My teenage years were different. They really did have a purpose as many of them were dedicated to getting into college. And now at age twenty-one, that dream has been realized. I go to college, traveled for four months, and am involved in the extracurriculars that make me feel satisfied. And, yet, I still have little idea where my life is headed next Tuesday, let alone next January or next year. Yes, I have professional goals that I am working toward, but these goals are not guarantees. I cannot bank on them. I am finally at the point in my life where there is more than one logical next step, whether it is pursuing graduate school, working after graduation, or even traveling or taking some time off. There are no longer voices telling me what to do. My voice is the only one that remains.

This life as a twenty-something is not always easy. It can get really tempting to compare our situations to not only each other, but to generations past. Yes, our parents may have gotten married earlier and secured careers faster. But, here we are, this generation of twenty-somethings who, quite frankly, may not have our sh*t together like we think we should. The pressure to be someone or pursue something will always exist for us, but I believe this tension is heightened in the decade that has usually been seen as the “make it or break it” time in a person’s life. Many of us may think that if we do not act now, today, and make plans to secure the things that will eventually bring us happiness, that this happiness will somehow slip through our fingers into an abyss of regret where no second chances exist. Sometimes we may get so preoccupied with the weeks, months, and years ahead that we forget that life as a twenty-something is pretty cool today, right now, in this moment.

Being in your twenties means that you are old enough to know how to do responsible things, like paying bills and building resumes, but young enough to screw up those tasks every day. To this day, I still do not know how to parallel park, however, I got really good at staying out late on Saturday nights in London. But here is the beauty of it: your twenties are the time to experiment with mistakes. Sure, we all have commitments to honor. But these mistakes, late nights and subsequently early mornings, regrets, and embarrassment are all apart of the decade that forms our innermost selves.

In some ways, I feel like I face major changes in my life nearly every day as a twenty-one year old. Life is not always stable at this age, but it sure is fun. I do not have many answers or solutions to the problems my friends and I face except to hold on, buckle up, and get ready for the next turn of events, as there inevitably will be one. Things and people change every day. Our lives are not static and that is the beauty of being a twenty-something. Yes, sometimes things may suck more than usual but our capacity to roll with the punches is what keeps us hanging on. Someone once told me to only worry about the things that will matter in five years. The same advice can also be applied to relationships: only worry about the people who stick it out during the next five years as well.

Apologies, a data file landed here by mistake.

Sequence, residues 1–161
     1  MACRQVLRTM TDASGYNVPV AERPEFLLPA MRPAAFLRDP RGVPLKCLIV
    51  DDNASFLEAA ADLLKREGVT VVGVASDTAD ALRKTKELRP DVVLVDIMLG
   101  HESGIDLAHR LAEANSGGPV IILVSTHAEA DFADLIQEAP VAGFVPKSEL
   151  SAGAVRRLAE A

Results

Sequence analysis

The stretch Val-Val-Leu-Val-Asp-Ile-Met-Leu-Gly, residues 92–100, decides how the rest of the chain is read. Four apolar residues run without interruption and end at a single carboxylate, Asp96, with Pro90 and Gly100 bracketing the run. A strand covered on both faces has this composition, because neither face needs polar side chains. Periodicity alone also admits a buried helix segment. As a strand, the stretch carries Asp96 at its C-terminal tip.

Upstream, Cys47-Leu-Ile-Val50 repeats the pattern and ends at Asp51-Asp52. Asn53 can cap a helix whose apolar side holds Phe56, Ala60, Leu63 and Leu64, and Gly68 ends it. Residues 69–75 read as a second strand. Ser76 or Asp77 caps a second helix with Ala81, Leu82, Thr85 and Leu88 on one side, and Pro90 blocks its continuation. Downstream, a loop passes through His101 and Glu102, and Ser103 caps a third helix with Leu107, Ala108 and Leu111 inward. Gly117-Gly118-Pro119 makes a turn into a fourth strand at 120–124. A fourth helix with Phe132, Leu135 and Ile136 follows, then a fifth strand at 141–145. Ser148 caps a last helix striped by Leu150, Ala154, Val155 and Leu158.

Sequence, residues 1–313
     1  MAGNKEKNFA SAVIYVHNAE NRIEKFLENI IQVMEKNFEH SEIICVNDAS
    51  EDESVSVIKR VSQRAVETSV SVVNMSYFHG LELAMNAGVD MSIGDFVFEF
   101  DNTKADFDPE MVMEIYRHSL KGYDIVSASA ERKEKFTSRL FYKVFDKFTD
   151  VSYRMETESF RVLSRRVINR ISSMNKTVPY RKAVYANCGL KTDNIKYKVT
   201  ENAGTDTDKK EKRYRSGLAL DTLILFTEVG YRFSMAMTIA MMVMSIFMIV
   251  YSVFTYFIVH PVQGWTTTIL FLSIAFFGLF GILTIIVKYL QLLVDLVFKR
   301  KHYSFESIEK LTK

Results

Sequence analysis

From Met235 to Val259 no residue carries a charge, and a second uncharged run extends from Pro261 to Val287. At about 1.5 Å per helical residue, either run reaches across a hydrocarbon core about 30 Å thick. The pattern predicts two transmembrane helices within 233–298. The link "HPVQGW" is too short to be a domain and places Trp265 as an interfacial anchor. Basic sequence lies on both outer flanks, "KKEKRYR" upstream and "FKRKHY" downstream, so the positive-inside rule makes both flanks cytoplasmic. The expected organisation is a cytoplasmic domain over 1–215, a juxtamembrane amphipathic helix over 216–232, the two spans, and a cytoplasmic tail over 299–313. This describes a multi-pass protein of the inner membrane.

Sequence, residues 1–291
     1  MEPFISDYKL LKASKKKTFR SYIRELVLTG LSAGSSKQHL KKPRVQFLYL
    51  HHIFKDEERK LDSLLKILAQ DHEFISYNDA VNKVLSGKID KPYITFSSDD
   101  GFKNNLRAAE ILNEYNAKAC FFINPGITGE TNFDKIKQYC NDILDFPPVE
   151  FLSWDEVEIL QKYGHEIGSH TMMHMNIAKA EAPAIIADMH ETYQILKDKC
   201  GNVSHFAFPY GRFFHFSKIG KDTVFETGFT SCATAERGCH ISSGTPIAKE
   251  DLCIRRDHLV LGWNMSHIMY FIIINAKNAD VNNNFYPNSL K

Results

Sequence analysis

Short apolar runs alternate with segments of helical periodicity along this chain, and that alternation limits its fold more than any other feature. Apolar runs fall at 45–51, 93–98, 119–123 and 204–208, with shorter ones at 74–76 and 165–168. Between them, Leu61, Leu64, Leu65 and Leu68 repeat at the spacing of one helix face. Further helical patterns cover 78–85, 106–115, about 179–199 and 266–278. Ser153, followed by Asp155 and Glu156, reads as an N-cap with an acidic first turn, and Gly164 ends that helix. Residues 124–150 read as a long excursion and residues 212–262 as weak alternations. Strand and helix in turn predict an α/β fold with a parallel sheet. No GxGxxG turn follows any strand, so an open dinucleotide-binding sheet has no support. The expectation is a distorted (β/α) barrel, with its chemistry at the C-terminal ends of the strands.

So all of you twenty-somethings out there: expect to not know what you are doing all of the time. I do not believe your twenties are your “make it or break it” decade. They are your “sometimes make it and sometimes break it” decade. And, no, no one warns you about your twenties. But maybe this is the way it should be. After all, this decade is all about discovery, good and bad. Perhaps the person who would warn you about the things to come in your twenties would act as a spoiler of a movie. I don’t know about you, but surprises are some of the best parts of my life. Turn the corner, hold your breath, and wait for the surprise. It may be good; it may be bad. The only way to find out is to trust that the corner is worth turning. So, take this day, this week, this month, this year and turn every corner you find. Hell, you only get ten years to be in your twenties. Do not waste a single day.

No one warns you about your twenties. But who would want to ruin the conclusion to your story anyway?

After all, I heard there’s an ending no one would expect.